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Article

OSC Targets Derivatives

Date

December 4, 2009

AUTHOR(s)

Edward P. Kerwin


On October 30, 2009, the staff of the Ontario Securities Commission issued Staff Notice 91-702 Offerings of Contracts for Difference and Foreign Exchange Contracts to Investors in Ontario.

The Notice outlines the OSC staff’s view of the securities law and other regulatory requirements applicable to offerings of contracts for difference (CFDs), foreign exchange contracts (forex or FX contracts), and similar over-the-counter derivative products (OTC derivatives) to investors in Ontario.

A CFD is a derivative product that allows an investor to obtain economic exposure (for speculative, investment or hedging purposes) to an underlying asset, such as a share, index, market sector, currency or commodity, without acquiring ownership of the underlying asset. A CFD is simply an agreement between two parties — the investor and the CFD provider — to pay each other the change in the price of an underlying asset. Depending on which way the price moves, one party pays the other the difference from the time the contract was agreed to the point where it ends. CFDs are generally cash-settled, although in some cases investors may also have the option of requesting physical delivery of the underlying asset.

CFDs are currently being offered to investors in a number of foreign jurisdictions. In Canada, CFDs are also being offered to investors, including retail investors, through Internet platforms being operated by CFD providers.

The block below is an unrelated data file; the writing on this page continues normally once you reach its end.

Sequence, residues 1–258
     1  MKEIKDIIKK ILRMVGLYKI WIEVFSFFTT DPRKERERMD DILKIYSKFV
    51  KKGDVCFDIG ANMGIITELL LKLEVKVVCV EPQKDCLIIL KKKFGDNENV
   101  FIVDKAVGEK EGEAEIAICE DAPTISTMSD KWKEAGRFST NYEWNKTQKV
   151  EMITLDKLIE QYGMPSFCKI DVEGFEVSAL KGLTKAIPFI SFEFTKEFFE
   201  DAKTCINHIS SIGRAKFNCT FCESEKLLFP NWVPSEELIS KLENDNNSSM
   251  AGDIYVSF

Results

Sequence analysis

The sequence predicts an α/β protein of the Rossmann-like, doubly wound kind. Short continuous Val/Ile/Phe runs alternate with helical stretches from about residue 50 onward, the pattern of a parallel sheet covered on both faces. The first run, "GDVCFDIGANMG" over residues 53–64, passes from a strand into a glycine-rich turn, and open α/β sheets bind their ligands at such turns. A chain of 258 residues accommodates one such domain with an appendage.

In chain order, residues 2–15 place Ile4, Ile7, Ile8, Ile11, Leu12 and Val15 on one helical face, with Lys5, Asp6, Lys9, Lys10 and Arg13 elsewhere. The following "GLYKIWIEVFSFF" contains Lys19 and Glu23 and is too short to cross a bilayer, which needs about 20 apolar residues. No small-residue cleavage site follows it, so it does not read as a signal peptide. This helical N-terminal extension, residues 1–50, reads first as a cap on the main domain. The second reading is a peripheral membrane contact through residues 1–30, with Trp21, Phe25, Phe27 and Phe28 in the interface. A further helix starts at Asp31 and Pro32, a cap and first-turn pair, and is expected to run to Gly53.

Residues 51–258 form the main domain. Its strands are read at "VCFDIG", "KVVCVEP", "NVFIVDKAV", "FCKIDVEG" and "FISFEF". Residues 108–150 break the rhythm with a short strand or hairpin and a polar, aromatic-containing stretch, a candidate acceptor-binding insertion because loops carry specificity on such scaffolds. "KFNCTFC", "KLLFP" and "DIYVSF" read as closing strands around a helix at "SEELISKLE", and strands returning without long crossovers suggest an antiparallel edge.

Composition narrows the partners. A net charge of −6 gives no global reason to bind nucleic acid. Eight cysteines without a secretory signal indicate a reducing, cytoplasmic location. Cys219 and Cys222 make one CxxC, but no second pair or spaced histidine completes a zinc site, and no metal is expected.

The OSC staff have concluded that CFDs, forex contracts, and OTC derivatives, when offered to investors in Ontario, constitute "investment contracts" and "securities" for the purposes of Ontario securities law, and have expressed significant concerns for retail investor protection. As a result, the OSC staff are of the view that, unless statutory exemptions are available or exemptive relief is granted, these products are subject to Ontario securities law, including the registration and prospectus requirements.

The Notice is intended to provide interim guidance pending the development by the Canadian Securities Administrators (CSA) of a harmonized CSA approach to the regulation of OTC derivatives and/or the introduction of new or revised derivatives legislation in Ontario. It was indicated that CSA staff are closely reviewing a number of developments in this area, including the recent adoption of a new Derivatives Act in Québec, which was discussed in an article in our November 2008 issue.

In the Notice, the OSC staff acknowledged that "the prospectus requirement may not be well-suited to offerings of certain types of OTC derivative products, including CFDs and forex contracts, to [retail] investors," and that "modified requirements, focused on ensuring appropriate transparency as to the nature of the product and investor risk, imposed as terms and conditions of an exemptive relief order exempting an issuer from the prospectus requirement, may be better suited for these products." The OSC staff indicated that they would consider exemption applications on a case-by-case basis, so long as adequate safeguards and disclosure are provided that address the significant investor protection concerns raised by the offering of CFDs to retail investors.